Saturday, August 18, 2012

TWO STORIES OF A SMALL TOWN STIFLING FREE SPEECH, AND A MORAL

Story one: A local controversy arose from a float in the Fourth-of-July parade which not only flew a rebel flag, among many others, but also received the best-in-show award, with prize money attached. The flag and the prize offended an unknown number of Las Cruceans. Speaking on their behalf, Mayor Ken Miyagishima criticized the float and the award, and apologized for them. He convened a City Council working session to find ways to prevent the adverse effects of future displays which might offend some citizens’ sensibilities or tarnish the city’s reputation. The irony of the unavoidable discussion on free speech at the working session was the advanced denial of any, even short, speeches by any of the two- or three-dozen citizens in attendance.

Every member of City Council genuflected to the First Amendment’s protection of free speech. The formulaic statement was, “I support free speech, but…”—always the formulation of those who make free speech secondary to whatever follows. Greg Smith quoted from writers through the ages on the subject. Others sought ways to prevent floats from presenting messages which did not reflect and reinforce the City’s receptivity to diversity and inclusiveness, and thus gave offense to many.

The most outspoken advocate of restrictions on offensive messages was Olga Pedroza, who wanted to find ways to avoid partisan messages as well as partisan parade judges. She defined “partisan” to mean pertaining to a particular party; in fact, the word can also pertain to a particular cause or person, like diversity or inclusiveness, presumed to be primary popular civic virtues in Las Cruces. To her credit, Sharon Thomas challenged Pedroza to draw a line between what was partisan and what was not. Pedroza retreated to a position still infringing on free speech: disqualify offensive messages from receiving any prize.

Miyagishima suggested the development of guidelines for awards which would conform to the city’s preferred messages. Miguel Silva suggested that parade officials screen out floats which are offensive or likely to give offense. These suggestions infringe upon free speech by hugger-mugger administrative devices.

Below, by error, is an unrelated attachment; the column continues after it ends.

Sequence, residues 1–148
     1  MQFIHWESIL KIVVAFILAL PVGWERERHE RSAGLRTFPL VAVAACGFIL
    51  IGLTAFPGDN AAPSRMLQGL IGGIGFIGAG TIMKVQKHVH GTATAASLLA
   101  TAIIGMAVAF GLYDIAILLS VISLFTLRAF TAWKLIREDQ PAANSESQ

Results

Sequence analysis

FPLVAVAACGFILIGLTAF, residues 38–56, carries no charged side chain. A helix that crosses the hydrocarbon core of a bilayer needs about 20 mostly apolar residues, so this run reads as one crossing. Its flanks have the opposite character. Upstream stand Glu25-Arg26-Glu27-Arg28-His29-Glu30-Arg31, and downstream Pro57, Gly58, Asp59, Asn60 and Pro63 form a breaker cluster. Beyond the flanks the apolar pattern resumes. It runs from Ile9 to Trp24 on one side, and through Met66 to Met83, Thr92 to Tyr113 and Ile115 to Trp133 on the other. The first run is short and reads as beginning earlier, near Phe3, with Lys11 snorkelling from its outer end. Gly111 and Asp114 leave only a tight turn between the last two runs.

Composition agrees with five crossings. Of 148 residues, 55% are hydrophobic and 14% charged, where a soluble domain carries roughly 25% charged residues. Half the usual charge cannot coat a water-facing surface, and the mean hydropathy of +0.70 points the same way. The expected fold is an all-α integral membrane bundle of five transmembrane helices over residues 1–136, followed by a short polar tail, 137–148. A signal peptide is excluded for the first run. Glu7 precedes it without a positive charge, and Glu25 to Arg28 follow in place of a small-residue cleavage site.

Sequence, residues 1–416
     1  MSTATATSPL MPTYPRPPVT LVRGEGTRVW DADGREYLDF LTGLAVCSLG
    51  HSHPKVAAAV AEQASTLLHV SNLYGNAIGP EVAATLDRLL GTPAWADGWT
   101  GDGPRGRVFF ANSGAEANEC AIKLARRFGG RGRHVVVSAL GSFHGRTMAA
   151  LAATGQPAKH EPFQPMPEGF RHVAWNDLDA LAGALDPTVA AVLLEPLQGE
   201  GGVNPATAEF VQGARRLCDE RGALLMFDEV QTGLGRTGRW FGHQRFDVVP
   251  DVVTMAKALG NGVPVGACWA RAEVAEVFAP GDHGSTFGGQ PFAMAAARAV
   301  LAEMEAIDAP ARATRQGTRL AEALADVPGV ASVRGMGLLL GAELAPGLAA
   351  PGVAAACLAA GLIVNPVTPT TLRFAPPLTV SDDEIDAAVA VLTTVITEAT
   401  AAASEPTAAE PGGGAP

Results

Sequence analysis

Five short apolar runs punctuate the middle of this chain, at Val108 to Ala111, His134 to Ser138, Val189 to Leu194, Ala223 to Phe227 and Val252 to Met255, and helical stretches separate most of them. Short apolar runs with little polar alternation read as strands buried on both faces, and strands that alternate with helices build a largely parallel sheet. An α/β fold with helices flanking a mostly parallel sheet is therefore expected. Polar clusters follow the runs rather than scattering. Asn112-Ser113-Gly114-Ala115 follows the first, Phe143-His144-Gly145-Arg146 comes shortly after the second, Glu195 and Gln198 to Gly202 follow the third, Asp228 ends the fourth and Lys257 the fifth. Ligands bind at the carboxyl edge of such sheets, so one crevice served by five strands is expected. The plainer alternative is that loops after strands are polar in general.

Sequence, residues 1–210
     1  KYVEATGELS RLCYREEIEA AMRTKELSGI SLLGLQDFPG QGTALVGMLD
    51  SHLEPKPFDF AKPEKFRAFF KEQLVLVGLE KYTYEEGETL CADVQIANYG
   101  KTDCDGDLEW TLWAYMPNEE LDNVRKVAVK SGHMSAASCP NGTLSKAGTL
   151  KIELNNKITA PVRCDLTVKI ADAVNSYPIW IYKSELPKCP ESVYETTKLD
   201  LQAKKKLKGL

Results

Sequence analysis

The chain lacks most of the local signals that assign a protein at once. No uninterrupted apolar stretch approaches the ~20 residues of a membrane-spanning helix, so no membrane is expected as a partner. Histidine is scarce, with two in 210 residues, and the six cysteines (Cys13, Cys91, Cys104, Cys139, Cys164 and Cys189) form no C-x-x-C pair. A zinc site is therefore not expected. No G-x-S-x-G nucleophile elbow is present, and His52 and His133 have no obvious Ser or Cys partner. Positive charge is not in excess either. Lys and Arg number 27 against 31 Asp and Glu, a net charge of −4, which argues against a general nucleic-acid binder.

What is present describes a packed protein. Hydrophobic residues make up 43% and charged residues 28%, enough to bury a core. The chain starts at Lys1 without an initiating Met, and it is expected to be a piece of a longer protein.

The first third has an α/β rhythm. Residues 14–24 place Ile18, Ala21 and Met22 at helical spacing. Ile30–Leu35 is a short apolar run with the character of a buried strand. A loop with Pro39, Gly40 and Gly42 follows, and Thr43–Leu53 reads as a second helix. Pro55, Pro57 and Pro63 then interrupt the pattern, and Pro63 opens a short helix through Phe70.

The only good suggestions came from Nathan Small and Gill Sorg, who, between them, questioned the desirability of competitions and awards at all—good points because they neither sanction nor censure any statement or symbol.

My fear is that the Mayor will persuade City Council to substitute political correctness for free speech in the city’s future Fourth of July parade. Parse the words any old which-way, but any restriction on expression in advance or any reward for pre-selected views in the event necessarily violates the First Amendment. If they believe, as they say they believe, in free speech, the Mayor and Councilors should decide in favor of free speech, with no “if’s,””and’s,” or, most especially, “but’s.”

Story two: Weeks later, at an NAACP meeting to which Tea Party invited themselves and were accepted as guest speakers, angry, hostile attendees asked variations of two accusatory or belittling questions. Bill McCamley, District 33 candidate for state House representative, aptly captured them: did the party know that it had offended many people, and did it not think it better to avoid doing more harm than good. Olga Pedroza, District 3 City Councilor, wanted to know whether the Tea Party had come to issue an apology. Leticia Duarte-Benavidez, District 5 County Commissioner, asked whether the Tea Party would have flown the swastika. Arrogant self-righteousness or political grandstanding underlies such comments and questions.

The appropriate responses and answers: what the party knew and whether it gave offense do not count. Free speech means that it can decide for itself what views to express and whether to take its audience’s possible responses into account. Taking offense proves no virtue and justifies no restraints on free speech or other civil rights.

McCamley, Pedroza, and Duarte-Benavidez, among those who expressed offense and urged its avoidance, echoed segregationists in the South in the 1950s and 1960s, who took offense at civil rights activists and urged quiescence, silence, and invisibility. They took offense at “uppity” blacks and then took offense as well at out-of-state, mostly northern, whites, the majority of whom were Jews, who lived and worked with blacks. They reviled and abused these offenders of traditional community norms, that is, the “southern way of life.”